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• FIRST POST
• JamesFuller
• 9th Nov 17, 7:17 PM
• 77Posts
• 55Thanks
JamesFuller
Hello all,

How do you calculate the pay you should get for annual leaves that the company will pay you for not claiming them?

E.g. Let's say you had 24 days left and the salary was £44,000. And the company will pay you the 24 days.
Page 1
• PeppaCoin
• 9th Nov 17, 8:05 PM
• 121 Posts
• 134 Thanks
PeppaCoin
Assuming you work 5 days a week

44k divided by 260 = £169.23 (your day rate)

Multiplied by 24 = £4061.52 gross.
• burnoutbabe
• 9th Nov 17, 9:52 PM
• 1,299 Posts
• 1,861 Thanks
burnoutbabe
yes, that is how we do it. (260 being 365 days less 104 days which are weekends - not sure now why its not 261 actually)
• PeppaCoin
• 9th Nov 17, 10:48 PM
• 121 Posts
• 134 Thanks
PeppaCoin
Well i guess because 52 x5 = 260
• 10th Nov 17, 3:12 AM
• 7,165 Posts
• 7,810 Thanks
Well i guess because 52 x5 = 260
Originally posted by PeppaCoin
But 52.2x 5=261.
Last edited by paddedjohn; 10-11-2017 at 3:15 AM.
• getmore4less
• 10th Nov 17, 11:39 AM
• 32,422 Posts
• 19,478 Thanks
getmore4less
working days in a year changes
There are 14 different years(7*2) they can be 260, 261, 262 working days
• sangie595
• 10th Nov 17, 12:18 PM
• 4,856 Posts
• 8,207 Thanks
sangie595
working days in a year changes
There are 14 different years(7*2) they can be 260, 261, 262 working days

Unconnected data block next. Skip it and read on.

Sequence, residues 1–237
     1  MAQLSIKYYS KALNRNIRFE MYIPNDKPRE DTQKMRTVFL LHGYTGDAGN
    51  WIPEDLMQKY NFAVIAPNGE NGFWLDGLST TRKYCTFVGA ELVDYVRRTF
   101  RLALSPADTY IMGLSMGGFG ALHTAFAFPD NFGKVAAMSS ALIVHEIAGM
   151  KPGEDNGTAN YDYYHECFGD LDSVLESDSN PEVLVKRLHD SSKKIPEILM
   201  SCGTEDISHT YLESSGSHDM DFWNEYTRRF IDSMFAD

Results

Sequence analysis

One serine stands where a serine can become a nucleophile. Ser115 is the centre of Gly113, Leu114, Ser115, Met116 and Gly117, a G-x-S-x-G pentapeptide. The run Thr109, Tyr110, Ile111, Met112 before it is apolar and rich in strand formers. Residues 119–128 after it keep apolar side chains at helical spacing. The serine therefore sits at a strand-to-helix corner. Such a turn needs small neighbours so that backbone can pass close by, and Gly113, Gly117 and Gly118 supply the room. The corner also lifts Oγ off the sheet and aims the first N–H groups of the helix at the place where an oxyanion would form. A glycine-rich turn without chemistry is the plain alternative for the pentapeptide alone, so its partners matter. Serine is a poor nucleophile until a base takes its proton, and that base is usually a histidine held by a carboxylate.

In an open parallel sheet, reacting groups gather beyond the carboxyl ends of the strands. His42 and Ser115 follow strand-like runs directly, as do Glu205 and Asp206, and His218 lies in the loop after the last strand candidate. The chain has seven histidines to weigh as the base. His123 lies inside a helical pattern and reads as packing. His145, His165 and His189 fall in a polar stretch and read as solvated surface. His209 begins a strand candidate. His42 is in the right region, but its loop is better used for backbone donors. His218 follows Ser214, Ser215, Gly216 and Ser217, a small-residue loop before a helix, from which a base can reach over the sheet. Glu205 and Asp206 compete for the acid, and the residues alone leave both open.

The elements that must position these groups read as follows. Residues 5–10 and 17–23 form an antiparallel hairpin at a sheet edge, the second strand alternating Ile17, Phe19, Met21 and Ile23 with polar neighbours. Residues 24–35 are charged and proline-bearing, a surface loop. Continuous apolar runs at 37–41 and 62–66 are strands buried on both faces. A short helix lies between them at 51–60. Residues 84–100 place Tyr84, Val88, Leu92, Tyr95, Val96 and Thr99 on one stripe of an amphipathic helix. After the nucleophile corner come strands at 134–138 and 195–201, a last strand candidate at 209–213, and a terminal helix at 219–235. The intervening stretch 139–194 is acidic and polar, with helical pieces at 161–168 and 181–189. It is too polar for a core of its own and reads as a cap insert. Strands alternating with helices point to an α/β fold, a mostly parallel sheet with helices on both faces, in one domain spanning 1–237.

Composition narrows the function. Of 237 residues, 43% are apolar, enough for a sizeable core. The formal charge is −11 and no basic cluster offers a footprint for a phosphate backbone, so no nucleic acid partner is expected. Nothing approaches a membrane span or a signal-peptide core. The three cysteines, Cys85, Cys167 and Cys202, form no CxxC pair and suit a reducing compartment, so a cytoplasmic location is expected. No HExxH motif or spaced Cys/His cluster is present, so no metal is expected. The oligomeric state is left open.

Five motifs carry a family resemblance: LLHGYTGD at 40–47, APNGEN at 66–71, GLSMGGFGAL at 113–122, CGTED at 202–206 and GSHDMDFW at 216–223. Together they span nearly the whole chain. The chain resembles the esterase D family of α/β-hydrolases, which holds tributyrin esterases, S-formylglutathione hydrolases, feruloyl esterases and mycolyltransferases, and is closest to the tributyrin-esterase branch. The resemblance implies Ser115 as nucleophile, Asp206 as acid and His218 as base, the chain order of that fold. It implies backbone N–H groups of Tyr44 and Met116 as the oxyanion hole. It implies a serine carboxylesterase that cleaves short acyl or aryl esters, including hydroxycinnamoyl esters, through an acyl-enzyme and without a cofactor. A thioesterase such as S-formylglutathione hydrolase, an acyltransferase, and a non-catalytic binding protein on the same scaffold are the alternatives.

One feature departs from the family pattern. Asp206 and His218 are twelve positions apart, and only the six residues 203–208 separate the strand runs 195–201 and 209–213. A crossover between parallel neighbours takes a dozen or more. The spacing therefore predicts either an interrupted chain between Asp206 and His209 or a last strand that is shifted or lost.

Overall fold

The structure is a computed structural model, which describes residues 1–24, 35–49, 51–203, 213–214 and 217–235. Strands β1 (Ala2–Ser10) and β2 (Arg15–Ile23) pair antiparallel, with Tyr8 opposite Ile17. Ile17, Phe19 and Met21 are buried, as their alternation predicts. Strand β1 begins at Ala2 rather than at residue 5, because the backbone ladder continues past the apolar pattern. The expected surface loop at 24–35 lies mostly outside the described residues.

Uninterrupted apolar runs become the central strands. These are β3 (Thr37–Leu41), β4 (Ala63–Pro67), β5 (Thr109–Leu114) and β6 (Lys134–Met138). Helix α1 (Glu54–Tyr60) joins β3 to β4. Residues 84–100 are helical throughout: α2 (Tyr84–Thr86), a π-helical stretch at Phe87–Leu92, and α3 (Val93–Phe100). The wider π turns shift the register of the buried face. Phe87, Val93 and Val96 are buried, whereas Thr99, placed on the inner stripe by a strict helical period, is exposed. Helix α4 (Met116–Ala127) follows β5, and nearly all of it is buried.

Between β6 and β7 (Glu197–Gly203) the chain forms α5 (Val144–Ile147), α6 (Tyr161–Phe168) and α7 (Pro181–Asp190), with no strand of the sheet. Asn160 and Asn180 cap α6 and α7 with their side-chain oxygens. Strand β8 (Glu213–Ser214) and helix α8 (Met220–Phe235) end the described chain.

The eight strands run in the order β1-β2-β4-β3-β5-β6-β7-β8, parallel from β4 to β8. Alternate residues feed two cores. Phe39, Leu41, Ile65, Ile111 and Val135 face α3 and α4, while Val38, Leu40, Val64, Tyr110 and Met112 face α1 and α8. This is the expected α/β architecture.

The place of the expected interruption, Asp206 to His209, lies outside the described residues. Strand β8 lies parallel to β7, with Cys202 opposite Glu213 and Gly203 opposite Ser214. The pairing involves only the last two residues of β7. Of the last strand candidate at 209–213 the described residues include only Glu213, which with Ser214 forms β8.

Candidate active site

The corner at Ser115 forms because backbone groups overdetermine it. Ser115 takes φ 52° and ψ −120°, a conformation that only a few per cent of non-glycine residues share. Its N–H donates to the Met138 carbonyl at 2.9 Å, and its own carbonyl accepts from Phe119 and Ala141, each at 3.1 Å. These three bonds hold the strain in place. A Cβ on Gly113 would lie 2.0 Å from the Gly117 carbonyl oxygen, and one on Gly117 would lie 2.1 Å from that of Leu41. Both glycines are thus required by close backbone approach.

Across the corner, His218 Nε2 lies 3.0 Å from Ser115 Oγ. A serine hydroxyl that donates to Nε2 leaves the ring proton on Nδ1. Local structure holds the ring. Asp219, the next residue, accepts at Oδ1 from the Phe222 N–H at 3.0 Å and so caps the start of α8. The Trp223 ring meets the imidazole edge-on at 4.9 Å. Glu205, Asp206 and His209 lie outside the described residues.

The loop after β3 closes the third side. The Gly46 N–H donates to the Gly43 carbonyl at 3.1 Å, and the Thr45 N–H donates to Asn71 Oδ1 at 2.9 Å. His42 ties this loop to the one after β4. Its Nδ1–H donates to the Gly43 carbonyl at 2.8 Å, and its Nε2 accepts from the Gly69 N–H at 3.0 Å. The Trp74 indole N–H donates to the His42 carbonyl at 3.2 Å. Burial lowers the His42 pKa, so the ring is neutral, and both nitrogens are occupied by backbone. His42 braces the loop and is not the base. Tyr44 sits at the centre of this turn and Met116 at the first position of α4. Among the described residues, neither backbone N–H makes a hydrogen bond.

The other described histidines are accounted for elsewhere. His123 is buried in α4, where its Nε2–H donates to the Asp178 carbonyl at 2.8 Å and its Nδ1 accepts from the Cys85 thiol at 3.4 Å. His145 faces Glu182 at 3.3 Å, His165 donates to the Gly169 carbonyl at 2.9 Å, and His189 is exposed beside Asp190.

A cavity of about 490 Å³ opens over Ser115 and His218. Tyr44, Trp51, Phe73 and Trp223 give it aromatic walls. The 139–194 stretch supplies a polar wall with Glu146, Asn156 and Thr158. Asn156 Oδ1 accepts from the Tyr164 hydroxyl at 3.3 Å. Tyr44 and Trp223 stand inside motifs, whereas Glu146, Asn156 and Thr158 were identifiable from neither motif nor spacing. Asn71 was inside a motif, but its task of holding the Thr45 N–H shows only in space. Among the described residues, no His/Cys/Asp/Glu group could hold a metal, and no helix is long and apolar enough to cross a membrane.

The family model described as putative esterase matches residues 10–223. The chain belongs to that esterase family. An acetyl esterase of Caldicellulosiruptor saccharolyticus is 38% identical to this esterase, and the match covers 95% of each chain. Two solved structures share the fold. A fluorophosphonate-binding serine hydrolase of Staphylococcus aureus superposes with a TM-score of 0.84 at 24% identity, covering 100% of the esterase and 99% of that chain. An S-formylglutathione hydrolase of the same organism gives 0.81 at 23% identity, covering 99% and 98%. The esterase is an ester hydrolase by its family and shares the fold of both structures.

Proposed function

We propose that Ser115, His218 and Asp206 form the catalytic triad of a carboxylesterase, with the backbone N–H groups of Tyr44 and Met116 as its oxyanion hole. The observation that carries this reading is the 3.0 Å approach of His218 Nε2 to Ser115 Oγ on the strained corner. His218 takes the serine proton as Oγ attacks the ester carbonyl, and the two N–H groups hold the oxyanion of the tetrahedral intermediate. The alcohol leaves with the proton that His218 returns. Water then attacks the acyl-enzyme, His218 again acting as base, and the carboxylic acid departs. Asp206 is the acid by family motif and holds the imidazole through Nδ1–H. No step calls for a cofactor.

Originally posted by getmore4less
And some employers still use 365 days.
• General Grant
• 10th Nov 17, 9:59 PM
• 738 Posts
• 839 Thanks
General Grant
And some employers still use 365 days.
Originally posted by sangie595
As I work in a 24/7 organisation, I use the 365 day year in calculating proportional entitlement for those working part years. This is generally converted to hours because people work different shift lengths.

For working out the value of that time, I use the hourly rate for the post multiplied by the number of hours represented by the amount of time.

So for the OP, the calculation would be:

24 x 7.5 (if that is their standard day length) x (44000/52/37.5)
(that's also assuming a week of 5 of those standard days)
• getmore4less
• 10th Nov 17, 10:15 PM
• 32,422 Posts
• 19,478 Thanks
getmore4less
As I work in a 24/7 organisation, I use the 365 day year in calculating proportional entitlement for those working part years. This is generally converted to hours because people work different shift lengths.

For working out the value of that time, I use the hourly rate for the post multiplied by the number of hours represented by the amount of time.

So for the OP, the calculation would be:

24 x 7.5 (if that is their standard day length) x (44000/52/37.5)
(that's also assuming a week of 5 of those standard days)
Originally posted by General Grant
You say you use days then go onto use 52 weeks.
• General Grant
• 11th Nov 17, 7:04 PM
• 738 Posts
• 839 Thanks
General Grant
You say you use days then go onto use 52 weeks.
Originally posted by getmore4less
When someone is not employed for a full year, the entitlement to the amount of time is based proportion of days in the year.

The 52 weeks are used in the calculation of what the hourly rate is.